DOUG LEVY is the founder and CEO of MEplusYOU, a leading strategic and creative agency that believes authentic relationships fuel astonishing brands. This is his first book. He lives in Dallas.
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“This is a fabulous book that describes a revolutionary new vision for marketing, the Relationship Era, based on purpose, authenticity, trust and care. Written in an easy-to-read style and full of interesting stories, this book is both inspiring and fun. I give it my highest recommendation.”
—John Mackey, founder and co-CEO, Whole Foods
“This book is funny, a bit profane and utterly profound. At Patagonia, we cherish our relationships, but these guys have located and explained dimensions of the Relationship Era that opened my eyes—and mind. What an enjoyable and enlightening journey.”
—Casey Sheahan, CEO, Patagonia
“Can’t Buy Me Like speaks clearly to the challenges every CEO and CMO is confronting. It identifies the collapse of mass marketing as we have known it and provides example after example of how successful companies build trust in the ‘new world.’”
—Ron Shaich, founder, chairman and co-CEO, Panera Bread
“The digital and social revolution has challenged even the most sophisticated marketers among us. But thankfully Garfield and Levy have given us a much needed blueprint for thriving in this new relationship era of marketing. This is the book I don’t want my competitors to read.”
—Eric Ryan, cofounder, Method, and author of The Method Method
“At last! Garfield and Levy have delivered a manifesto on what really matters to brands today: honest relationships. They do so by focusing not on our shiny social technologies but on the fundamentally changed relationship between business and customer in a world that looks less like a megaphone and much more like a network. Read this book; then challenge your business to live by it!”
—David Rogers, author of The Network Is Your Customer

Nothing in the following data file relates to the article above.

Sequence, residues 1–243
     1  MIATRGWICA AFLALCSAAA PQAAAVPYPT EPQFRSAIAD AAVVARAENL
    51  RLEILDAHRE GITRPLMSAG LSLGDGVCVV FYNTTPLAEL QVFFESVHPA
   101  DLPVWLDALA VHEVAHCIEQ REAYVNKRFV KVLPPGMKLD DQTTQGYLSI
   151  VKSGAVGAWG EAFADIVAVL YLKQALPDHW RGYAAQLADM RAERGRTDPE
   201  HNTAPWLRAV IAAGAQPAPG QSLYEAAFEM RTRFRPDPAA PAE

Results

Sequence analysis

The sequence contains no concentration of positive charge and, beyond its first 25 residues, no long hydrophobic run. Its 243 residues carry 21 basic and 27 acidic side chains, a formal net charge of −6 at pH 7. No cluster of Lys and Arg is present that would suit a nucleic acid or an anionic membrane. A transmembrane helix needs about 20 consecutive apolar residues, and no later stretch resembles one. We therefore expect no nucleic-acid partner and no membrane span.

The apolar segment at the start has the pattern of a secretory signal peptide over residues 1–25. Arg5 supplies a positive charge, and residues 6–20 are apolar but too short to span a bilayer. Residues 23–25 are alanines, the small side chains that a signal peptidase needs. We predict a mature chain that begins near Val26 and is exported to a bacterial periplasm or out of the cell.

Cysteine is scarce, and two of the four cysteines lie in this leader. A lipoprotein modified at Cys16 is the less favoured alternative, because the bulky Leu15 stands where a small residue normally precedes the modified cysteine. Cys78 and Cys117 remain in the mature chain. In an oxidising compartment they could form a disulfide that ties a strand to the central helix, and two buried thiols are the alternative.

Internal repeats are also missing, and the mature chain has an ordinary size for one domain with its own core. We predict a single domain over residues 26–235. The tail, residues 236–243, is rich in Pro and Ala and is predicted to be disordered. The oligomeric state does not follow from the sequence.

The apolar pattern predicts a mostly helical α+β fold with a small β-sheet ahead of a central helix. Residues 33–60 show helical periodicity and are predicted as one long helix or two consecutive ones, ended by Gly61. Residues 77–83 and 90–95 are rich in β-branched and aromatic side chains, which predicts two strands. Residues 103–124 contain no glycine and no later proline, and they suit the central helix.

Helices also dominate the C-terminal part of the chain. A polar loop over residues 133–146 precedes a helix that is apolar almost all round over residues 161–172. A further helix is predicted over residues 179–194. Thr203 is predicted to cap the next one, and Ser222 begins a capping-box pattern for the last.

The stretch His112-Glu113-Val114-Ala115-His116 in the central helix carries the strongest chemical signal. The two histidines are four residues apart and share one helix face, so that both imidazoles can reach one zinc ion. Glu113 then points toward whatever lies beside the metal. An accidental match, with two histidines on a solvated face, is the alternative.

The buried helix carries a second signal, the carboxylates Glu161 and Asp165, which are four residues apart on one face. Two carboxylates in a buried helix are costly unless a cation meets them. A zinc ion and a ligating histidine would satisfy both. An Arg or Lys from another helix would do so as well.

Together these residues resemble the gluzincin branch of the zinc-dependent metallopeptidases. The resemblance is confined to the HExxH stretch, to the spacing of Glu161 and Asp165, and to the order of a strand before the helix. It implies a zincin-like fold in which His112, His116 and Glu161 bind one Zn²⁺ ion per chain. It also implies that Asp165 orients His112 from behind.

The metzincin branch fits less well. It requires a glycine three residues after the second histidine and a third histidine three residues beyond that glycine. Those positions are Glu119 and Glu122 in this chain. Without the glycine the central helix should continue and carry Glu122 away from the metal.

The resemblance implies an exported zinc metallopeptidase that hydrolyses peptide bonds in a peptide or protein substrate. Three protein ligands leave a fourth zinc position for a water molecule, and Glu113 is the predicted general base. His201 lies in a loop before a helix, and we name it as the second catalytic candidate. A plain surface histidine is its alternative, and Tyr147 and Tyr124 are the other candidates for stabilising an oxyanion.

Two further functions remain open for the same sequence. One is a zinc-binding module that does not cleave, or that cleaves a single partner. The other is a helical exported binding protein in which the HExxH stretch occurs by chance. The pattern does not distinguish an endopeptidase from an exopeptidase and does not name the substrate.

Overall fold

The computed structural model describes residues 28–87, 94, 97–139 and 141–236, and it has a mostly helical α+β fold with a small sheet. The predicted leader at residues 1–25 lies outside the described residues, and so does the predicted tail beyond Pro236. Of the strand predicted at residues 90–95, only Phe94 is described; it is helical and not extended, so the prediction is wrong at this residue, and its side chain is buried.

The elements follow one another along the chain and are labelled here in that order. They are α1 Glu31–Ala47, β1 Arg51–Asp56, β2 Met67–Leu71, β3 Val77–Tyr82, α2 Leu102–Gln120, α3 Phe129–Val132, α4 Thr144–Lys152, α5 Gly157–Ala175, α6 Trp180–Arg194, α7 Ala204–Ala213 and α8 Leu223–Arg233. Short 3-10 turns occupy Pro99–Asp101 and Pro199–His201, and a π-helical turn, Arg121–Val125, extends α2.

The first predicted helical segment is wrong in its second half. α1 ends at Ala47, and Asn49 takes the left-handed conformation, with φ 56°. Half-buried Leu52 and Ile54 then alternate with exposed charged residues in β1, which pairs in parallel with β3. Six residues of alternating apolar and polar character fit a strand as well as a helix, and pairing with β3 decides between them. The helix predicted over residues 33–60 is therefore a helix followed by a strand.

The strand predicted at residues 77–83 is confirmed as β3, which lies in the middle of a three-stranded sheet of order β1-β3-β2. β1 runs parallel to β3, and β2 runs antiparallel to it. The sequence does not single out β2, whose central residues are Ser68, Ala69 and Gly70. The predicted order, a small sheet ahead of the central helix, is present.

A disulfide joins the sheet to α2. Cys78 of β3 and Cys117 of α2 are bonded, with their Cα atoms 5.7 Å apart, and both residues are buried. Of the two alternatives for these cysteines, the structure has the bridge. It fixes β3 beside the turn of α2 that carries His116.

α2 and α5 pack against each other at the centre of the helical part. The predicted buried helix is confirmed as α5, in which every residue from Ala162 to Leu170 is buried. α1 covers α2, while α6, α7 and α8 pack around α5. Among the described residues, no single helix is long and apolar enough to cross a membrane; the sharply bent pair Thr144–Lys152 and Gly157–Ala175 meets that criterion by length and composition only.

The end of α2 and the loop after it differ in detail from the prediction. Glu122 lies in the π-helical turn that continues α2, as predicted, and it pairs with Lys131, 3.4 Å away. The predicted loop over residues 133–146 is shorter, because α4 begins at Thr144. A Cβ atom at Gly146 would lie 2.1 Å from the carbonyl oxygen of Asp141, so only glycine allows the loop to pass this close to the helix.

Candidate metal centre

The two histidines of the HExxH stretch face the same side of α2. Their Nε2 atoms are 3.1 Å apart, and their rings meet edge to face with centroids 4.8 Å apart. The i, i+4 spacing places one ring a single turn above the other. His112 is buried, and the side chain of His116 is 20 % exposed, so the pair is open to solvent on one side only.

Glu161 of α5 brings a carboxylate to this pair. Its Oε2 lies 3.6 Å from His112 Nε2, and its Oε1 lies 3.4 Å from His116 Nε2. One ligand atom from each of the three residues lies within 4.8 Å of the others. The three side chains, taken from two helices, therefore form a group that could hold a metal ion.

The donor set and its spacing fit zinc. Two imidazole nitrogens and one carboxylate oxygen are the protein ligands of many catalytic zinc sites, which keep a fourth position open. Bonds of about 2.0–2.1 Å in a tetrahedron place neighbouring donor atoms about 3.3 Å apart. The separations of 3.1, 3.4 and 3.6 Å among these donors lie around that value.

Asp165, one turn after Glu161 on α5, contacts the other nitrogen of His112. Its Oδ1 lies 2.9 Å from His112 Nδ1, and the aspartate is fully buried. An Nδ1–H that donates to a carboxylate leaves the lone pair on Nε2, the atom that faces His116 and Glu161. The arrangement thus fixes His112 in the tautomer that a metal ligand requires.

“Can’t Buy Me Like compellingly captures one of the biggest trends of our time. If there is a gap between a business’s image and its reality, it will soon be found out and the business will be punished for it. Using their in-depth industry knowledge in this beautifully written and immensely readable book, Garfield and Levy describe in detail how to succeed in the new world.”
—David Jones, global chief executive officer, HAVAS, and author of Who Cares WIns
“Garfield and Levy show how smart, conscious marketers can leverage today’s extraordinary technologies to build authentic relationships with customers based on trust, authenticity and shared purpose. This book will usher in a new renaissance in which the marketing function can finally fulfill its own largely unrealized higher purpose.”
—Raj Sisodia, coauthor of Conscious Capitalism and Firms of Endearment, marketing professor, Bentley University
“At Zappos, relationships have always been a top priority. Can’t Buy Me Like explores why this is so important for all companies. Garfield and Levy smartly describe how to build relationships with customers, vendors and employees to create an extraordinary business.”
—Tony Hsieh, author of Delivering Happiness and CEO, Zappos.com, Inc.